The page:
• Now if someone finds your dog and takes them to a vet or shelter, they can scan your dog for a microchip – which contains your contact details.
  • Then, they can get in touch with you and inform you they’ve found your lost dog.
A vet scanning a dog for a microchip

⚠️ Just remember: a microchip can’t actually track down your dog in real-time or help you actively find them. All it can do is help someone else identify your dog.

So if you want to take a more active role in tracking down your lost dog, you should:

Strap a GPS tracker to your dog’s collar

Which, with its connection to a sky full of satellites, now means you can follow your dog’s every step – as they make their every step.

So imagine the relief and peace of mind from knowing you can track your missing dog – no matter how far they wander?

It’s where your Tractive GPS can be a lifesaver – specifically, its LIVE tracking, pictured below.

Tractive GPS app feature screenshot LIVE Tracking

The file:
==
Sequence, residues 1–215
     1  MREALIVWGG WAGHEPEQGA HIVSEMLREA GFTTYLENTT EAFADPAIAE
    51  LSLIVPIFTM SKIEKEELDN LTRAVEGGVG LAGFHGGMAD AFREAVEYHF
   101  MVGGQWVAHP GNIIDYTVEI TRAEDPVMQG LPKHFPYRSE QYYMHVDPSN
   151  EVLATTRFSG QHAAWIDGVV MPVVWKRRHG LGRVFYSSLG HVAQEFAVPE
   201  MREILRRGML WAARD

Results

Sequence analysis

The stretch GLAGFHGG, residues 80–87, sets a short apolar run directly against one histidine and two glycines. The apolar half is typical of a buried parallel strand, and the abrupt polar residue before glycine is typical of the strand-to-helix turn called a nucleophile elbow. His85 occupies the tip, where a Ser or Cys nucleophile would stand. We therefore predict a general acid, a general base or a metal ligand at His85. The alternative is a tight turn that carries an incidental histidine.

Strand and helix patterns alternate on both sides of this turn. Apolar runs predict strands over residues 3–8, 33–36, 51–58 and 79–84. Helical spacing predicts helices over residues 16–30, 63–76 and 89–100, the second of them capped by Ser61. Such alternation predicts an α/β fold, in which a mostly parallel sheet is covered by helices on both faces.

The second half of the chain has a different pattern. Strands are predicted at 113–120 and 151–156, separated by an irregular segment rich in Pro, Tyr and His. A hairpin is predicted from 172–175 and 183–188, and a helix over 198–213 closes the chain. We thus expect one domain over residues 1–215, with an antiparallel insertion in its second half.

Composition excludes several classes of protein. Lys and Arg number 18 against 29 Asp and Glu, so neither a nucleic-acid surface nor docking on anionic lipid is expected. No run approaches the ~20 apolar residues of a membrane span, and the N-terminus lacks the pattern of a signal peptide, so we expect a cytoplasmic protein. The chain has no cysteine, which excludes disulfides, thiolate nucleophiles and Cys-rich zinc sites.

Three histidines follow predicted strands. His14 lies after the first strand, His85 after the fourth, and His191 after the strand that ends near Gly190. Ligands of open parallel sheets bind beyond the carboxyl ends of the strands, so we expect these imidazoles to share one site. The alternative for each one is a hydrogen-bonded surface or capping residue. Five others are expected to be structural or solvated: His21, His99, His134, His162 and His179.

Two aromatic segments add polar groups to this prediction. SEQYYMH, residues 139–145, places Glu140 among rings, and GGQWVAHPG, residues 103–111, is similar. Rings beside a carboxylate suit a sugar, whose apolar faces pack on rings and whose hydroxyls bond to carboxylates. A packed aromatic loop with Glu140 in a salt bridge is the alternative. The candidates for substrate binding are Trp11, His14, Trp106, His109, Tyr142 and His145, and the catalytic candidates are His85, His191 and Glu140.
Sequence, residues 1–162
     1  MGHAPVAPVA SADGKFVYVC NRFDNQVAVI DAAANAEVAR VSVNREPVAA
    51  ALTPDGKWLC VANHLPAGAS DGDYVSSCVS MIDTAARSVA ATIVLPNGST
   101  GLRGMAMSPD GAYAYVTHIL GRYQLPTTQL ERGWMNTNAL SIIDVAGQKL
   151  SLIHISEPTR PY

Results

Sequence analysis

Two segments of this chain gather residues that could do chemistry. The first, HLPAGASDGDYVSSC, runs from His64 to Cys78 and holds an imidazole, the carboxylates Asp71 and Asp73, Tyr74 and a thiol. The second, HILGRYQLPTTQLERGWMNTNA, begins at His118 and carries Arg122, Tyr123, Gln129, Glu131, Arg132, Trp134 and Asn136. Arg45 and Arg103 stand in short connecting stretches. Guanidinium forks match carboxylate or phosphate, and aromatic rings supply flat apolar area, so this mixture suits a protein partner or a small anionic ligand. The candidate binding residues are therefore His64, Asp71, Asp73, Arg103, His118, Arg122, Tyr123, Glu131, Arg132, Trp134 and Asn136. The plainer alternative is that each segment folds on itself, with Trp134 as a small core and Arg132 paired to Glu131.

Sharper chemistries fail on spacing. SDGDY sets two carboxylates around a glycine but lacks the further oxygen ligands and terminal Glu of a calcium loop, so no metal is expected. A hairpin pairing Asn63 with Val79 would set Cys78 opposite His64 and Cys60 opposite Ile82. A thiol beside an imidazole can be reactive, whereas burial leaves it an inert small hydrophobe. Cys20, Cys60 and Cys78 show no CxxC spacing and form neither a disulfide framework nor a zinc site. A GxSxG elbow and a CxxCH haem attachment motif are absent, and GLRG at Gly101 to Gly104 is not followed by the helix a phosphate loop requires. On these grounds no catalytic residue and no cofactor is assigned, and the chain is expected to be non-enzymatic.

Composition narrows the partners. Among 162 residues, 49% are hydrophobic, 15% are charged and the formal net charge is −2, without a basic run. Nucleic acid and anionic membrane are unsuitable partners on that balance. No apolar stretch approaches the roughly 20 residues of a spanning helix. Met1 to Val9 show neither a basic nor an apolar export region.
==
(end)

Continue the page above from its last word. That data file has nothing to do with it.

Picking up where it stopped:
Lisa van Roon and Charlie the Basenji

“The LIVE tracking is my #1 recommendation when it comes to peace of mind.

Besides that, Tractive’s Family Sharing feature is super helpful. Both let me monitor how (my dog is) doing even if I’m not around.

…I can get anxious wanting to know where he is at all times. So I check the LIVE tracking to see where he’s being walked.

Once I see my parents and Charlie are back home safe, I have my peace of mind because the tracker helps me see his location even if I’m not there.

This helps me feel more confident I can let him off-leash in specific areas. Especially ones that don’t have other dogs walking off-leash, who might end up chasing or biting him, and that are fenced in – to make sure he stays safe.”

– Lisa van Roon & Charlie, NL

Read more: Lisa & Charlie the Basenji: Adventuring With Tractive

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Nail these 4 dog commands – for a safe, happy life together

Your dog might be the good-est boy or girl in the world – but there’s no substitute for regular training, plus planning ahead for an emergency in case their instincts override their training.

So make regular sessions for these basic dog commands a priority – and you’ll be well on your way to a safer, easier, headache-free life together.